Pump prices are edging lower in most states including Oregon. Last week’s decision by OPEC+ to maintain current production levels and not make any cuts led to lower oil prices. But Friday’s positive U.S. jobs report could have the opposite effect. If recession fears ease, a healthier global economy could lead to more demand for oil and higher prices. For the week, the national average for regular unleaded drops a nickel to $3.46. The Oregon average slips one-half cent to $3.78.
Friday’s U.S. jobs data report shows 517,000 jobs added in January, dropping the unemployment rate to a 54-year low of 3.4%. Crude oil prices tend to rise in response to positive economic news as countries with growing economies tend to consume more oil than countries with shrinking economies. Another driver of crude oil prices is China’s recovery after the easing of strict COVID-19 restrictions.
Crude oil is trading around $77 today compared to $79 a week ago. In January, West Texas Intermediate ranged between about $73 and $82 bbl. and was $79 a year ago. Crude reached recent highs of $123.70 on March 8, 2022, and $122.11 per barrel on June 8, 2022. The all-time high for WTI crude oil is $147.27 in July 2008.
Crude prices tend to increase when geo-political events have the potential to disrupt supply. Crude prices rose dramatically leading up to and in the first few months of Russia’s invasion of Ukraine. Russia is one of the world’s top oil producers and its involvement in a war causes market volatility, and sanctions imposed on Russia by the U.S. and other western nations resulted in tighter global oil supplies. Oil supplies were already tight around the world as demand for oil increased as pandemic restrictions eased.
Crude oil is the main ingredient in gasoline and diesel, so pump prices are impacted by crude prices on the global markets. On average, about 56% of what we pay for in a gallon of gasoline is for the price of crude oil, 20% is refining, 11% distribution and marketing, and 14% are taxes, according to the U.S. Energy Information Administration.
Demand for gasoline in the U.S. rose from 8.14 million to 8.49 million b/d last week. This compares to 8.23 million b/d a year ago. Meanwhile, total domestic gasoline stocks increased by 2.6 million bbl to 234.6 million bbl. Despite rising gas demand, total supply growth has helped limit pump price increases.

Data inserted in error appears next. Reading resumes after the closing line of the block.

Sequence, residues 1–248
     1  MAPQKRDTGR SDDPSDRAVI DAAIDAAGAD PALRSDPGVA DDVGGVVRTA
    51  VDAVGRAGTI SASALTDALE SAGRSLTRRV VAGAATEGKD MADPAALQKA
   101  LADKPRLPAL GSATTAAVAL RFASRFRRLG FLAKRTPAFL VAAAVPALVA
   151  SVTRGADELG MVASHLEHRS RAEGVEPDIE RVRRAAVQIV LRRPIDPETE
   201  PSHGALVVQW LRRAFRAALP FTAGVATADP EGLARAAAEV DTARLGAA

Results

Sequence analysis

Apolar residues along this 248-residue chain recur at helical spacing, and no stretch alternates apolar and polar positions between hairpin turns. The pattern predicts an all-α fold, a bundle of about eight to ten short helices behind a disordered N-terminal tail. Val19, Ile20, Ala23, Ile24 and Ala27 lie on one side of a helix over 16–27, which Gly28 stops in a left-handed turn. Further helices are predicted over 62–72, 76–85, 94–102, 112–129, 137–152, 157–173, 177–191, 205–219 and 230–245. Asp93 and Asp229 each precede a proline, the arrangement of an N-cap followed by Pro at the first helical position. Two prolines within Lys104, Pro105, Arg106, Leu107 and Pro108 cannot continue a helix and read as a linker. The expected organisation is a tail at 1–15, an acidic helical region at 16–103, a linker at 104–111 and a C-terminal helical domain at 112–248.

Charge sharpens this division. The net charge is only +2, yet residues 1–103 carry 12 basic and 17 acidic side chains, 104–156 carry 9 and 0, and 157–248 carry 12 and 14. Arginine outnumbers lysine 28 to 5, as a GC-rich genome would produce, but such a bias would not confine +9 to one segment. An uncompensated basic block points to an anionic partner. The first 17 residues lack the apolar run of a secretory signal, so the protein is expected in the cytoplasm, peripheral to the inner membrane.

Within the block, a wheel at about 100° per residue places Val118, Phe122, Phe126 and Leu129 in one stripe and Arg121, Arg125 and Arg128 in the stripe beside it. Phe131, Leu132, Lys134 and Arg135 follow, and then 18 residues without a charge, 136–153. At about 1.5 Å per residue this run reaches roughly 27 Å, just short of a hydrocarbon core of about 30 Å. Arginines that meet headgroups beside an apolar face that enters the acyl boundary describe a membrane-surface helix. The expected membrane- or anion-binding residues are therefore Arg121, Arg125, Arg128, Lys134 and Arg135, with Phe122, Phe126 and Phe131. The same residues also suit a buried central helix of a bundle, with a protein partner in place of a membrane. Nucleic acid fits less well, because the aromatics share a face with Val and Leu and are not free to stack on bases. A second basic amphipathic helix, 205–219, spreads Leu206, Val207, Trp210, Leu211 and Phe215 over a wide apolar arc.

Oregon is one of 43 states and the District of Columbia with lower prices week-over-week. Delaware (-15 cents) and Ohio (-13 cents) have the largest weekly drops. Utah (+21 cents) and Idaho (+12 cents) have the largest weekly jumps.
Hawaii ($4.92) is the state with the most expensive gas in the nation for the 11th week in a row. California ($4.62) is second, Washington ($4.13) is third, and Nevada ($4.05) is fourth. These are the only four states with averages at or above $4 a gallon. This week 46 states and the District of Columbia have averages in the $3-range. No states have averages below $3 a gallon.
The cheapest gas in the nation is in Texas ($3.07) and Mississippi ($3.11). For the 108th week in a row, no state has an average below $2 a gallon.
The difference between the most expensive and least expensive states is $1.85 this week compared to $1.81 last week.
Oregon is one of 48 states and the District of Columbia with higher prices now than a month ago. The national average is 17 cents more and the Oregon average is six cents more than a month ago. Oregon has the seventh-smallest monthly increase in the nation. Colorado (+85 cents) and Georgia (+50 cents) have the largest monthly gains. Hawaii (-10 cents) and Indiana (-1 cent) are the only states with monthly declines.
Oregon is one of 17 states and the District of Columbia with lower prices now than a year ago. The national average is two cents more and the Oregon average is 16 cents less than a year ago. This is the third-largest yearly drop in the nation. Connecticut (-23 cents) has the largest year-over-year decline. Colorado (+61 cents) and Hawaii (+51 cents) have the biggest year-over-year jumps. The averages in Alaska and Wisconsin are flat year-over-year.
The West Coast region continues to have the most expensive pump prices in the nation with six of the seven states in the top 10. This is typical for the West Coast as this region tends to consistently have fairly tight supplies, consuming about as much gasoline as is produced. In addition, this region is located relatively far from parts of the country where oil drilling, production and refining occurs, so transportation costs are higher. And environmental programs in this region add to the cost of production, storage and distribution.
For the week, the national average for diesel falls six cents to $4.61 a gallon. The record high is $5.816 set on June 19, 2022. The Oregon average dips a penny to $4.78. The record high is $6.47 set on July 3, 2022. A year ago the national average for diesel was $3.81 and the Oregon average was $4.16.
Source: AAA Oregon